Collage, Ink, Lithograph, Marker pen, Paint, tsunaminagashi
18 × 12 × .75 in
Brooklyn, NY, Queens, NY
CollectionCollection Development, Unique Books
University of Miami
This book has numerous layers all related to water. Collaged nautical maps of southern Florida from the 1980s have been printed on by sTo Len using his personal tsunaminagashi printing technique. sTo then collaged and bound the pages into a book form upon which Marshall Weber has hand-written his favorite poem, Thorn. The words in the poem use the nature of fluidity to convey the turbulence of our emotional lives and deaths. Words from the poem, “bleed, dam, awash, harbored, flow, tide”, and “sink” mingle with the words on the maps and swirl around the newly imagined and illustrated bodies of water created by sTo.
The Better Boating Association maps in the book are primarily from iconic southern Florida waterways and islands of the Gulf of Mexico, including the resort town of Sanibel Island, the missile testing site south of Cape San Blas, and parts of the Keys and the Everglades. What better state (of mind) than Florida to convey the element of fluidity and water bound existence?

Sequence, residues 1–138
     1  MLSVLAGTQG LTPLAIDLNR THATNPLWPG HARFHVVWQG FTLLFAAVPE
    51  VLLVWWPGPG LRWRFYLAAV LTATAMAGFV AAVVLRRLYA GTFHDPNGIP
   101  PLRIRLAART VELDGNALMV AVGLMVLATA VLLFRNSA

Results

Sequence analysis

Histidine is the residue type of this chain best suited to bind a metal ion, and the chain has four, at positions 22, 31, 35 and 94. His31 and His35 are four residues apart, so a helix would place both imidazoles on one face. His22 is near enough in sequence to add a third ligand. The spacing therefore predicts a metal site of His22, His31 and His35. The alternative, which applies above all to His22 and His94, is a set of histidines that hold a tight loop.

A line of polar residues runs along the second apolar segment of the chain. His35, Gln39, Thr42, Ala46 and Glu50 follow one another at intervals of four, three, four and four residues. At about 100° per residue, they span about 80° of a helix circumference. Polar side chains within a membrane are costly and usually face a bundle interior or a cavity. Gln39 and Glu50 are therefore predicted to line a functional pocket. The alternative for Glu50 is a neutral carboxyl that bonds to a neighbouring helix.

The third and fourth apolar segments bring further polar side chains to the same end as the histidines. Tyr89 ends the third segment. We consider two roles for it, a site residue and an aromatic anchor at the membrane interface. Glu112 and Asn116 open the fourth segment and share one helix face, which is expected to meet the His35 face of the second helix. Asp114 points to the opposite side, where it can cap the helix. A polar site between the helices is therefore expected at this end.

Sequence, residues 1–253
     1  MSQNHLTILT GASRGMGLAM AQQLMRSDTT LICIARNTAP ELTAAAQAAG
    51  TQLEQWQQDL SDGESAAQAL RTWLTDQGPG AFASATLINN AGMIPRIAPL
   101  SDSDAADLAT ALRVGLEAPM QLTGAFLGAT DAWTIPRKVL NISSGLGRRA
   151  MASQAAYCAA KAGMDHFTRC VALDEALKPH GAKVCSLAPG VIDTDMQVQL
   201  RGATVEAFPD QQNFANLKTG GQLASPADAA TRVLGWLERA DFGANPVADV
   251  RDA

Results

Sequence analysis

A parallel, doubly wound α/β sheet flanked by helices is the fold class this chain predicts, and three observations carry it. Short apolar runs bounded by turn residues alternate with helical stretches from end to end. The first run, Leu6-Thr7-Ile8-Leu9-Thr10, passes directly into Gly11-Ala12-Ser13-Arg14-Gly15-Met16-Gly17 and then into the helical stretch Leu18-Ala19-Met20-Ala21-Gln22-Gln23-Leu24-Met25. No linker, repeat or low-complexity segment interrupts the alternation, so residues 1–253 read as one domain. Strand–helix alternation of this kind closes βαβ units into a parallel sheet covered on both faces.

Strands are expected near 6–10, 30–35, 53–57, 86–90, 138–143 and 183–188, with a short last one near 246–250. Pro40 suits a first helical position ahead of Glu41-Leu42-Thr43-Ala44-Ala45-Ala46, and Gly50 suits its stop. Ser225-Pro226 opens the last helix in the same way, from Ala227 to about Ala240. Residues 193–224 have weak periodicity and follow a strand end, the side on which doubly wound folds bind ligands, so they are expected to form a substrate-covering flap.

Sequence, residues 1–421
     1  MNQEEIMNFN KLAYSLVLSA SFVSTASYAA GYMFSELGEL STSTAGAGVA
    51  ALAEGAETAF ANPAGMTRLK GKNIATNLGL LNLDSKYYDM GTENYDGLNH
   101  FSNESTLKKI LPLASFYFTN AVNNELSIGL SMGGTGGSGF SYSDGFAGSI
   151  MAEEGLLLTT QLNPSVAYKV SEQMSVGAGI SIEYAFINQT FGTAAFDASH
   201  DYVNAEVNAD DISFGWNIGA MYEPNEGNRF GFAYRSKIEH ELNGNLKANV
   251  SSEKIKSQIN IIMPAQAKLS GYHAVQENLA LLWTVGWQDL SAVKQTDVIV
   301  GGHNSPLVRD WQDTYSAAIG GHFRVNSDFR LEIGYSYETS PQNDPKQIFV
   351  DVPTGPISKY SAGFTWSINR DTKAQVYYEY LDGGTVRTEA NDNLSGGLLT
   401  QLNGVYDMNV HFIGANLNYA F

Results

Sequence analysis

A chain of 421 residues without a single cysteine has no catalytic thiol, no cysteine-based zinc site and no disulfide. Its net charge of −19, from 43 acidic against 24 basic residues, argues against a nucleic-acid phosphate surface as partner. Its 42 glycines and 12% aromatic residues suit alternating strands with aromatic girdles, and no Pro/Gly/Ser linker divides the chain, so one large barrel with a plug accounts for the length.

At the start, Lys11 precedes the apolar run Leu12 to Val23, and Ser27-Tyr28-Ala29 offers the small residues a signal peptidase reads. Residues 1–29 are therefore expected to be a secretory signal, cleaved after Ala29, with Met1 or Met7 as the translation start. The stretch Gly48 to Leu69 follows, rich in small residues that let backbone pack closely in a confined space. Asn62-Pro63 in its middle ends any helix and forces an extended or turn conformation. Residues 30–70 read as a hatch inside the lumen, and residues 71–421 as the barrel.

The title page is formed by suminagashi-marbled Joss paper by sTo, with upcycled Exacto knife razor blade lettering by Weber. The same for the credit page minus the razor blades.
Notes on the printing technique from sTo Len:
“Tsunaminagashi is my adaption of the Japanese marbling technique suminagashi, or floating ink, that collaborates with water to create monprints of moments in a water’s history. It is a collaboration with water—you cannot control it and make it do exactly what you want. Instead, you work with it and allow each of your brush strokes to be taken over, spiraling into the water’s currents, guiding the floating ink infinitely, patterning, pooling, settling. I have let paintings float for days, thrown leaves and dirt in the water, collected rain water, river water, and encased the water in sealed containers -all of which have their effects. Suminagashi has aided in my own unlearning of anthropocentrism; I have given up total control and instead, happily allow her to choreograph my movements. What will happen? It has since become quite the love affair. I’ve introduced colors, worked in oil drums, buckets, bowls, and inflatable swimming pools. Water was now the subject of my work as well as the medium, the canvas, and the compass, helping me navigate from one project to the next.”